How to fix Company C’s approach? Once again, we recommend a proactive, ongoing public relations program, much like the recommendation for Company B.  With this program, the trade show may serve as the focal point of the program, but there are initiatives that are put in place three or four months prior to the show and then continue well past the show. This strategy makes the trade show the centerpiece of a proactive, six-month-long program, serving to increase interest in Company C prior to the show, at the show and immediately post-show. (And increasing show ROI.) 

There you have it, three examples of companies “being strategic.” In the next column, we’ll delve deeper into what’s needed to develop an overall strategy with the media.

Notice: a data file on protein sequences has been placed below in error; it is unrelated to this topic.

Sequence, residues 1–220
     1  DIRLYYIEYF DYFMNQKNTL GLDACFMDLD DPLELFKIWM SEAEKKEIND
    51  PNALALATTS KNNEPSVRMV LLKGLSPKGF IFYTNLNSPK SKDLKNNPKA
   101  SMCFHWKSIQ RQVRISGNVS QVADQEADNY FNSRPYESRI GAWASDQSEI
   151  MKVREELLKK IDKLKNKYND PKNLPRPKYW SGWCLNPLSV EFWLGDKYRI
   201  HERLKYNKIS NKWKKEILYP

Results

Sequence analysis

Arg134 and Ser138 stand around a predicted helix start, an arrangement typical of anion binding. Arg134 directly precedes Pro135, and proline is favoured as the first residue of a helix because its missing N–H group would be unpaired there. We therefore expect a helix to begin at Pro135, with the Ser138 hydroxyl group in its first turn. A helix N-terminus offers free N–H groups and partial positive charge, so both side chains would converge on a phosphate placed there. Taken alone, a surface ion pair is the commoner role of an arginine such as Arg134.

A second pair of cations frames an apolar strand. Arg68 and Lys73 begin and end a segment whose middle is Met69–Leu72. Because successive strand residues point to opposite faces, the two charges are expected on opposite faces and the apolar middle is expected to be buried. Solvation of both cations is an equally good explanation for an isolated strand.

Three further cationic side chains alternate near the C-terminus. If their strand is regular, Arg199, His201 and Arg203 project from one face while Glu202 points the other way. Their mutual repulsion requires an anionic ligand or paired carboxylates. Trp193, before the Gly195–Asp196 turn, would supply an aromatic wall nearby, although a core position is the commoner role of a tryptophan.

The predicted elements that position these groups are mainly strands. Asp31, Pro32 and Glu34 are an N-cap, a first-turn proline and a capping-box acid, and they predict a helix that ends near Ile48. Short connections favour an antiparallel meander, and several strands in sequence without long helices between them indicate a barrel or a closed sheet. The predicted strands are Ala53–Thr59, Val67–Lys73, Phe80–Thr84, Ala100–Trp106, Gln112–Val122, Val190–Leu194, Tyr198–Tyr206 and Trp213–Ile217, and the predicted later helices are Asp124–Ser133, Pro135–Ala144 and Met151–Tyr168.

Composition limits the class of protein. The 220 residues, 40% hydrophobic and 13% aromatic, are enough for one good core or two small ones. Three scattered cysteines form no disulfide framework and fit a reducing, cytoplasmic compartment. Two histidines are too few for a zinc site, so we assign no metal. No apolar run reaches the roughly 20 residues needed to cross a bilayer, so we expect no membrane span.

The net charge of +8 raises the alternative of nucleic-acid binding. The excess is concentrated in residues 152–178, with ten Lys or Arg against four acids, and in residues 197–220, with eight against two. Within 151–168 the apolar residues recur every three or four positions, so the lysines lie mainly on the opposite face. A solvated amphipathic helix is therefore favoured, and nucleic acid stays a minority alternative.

With his unique "both sides of the editor's desk" perspective, Randy Savicky’s advice and counsel on public relations and marketing has been sought after by some of America’s largest corporations and best-known brands, including IBM, Motorola, Sony and Fujifilm. He is President of Strategy + Communications Worldwide, “the complete outsourcing resource,” which helps companies gain mindshare and market share by improving their communications to their key audiences: Media and analysts; customers and prospects; business and channel partners; government agencies and regulators; and employees and stakeholders.  He welcomes your comments and ideas and can be reached at (516) 286-7026 or rpscoms@cs.com.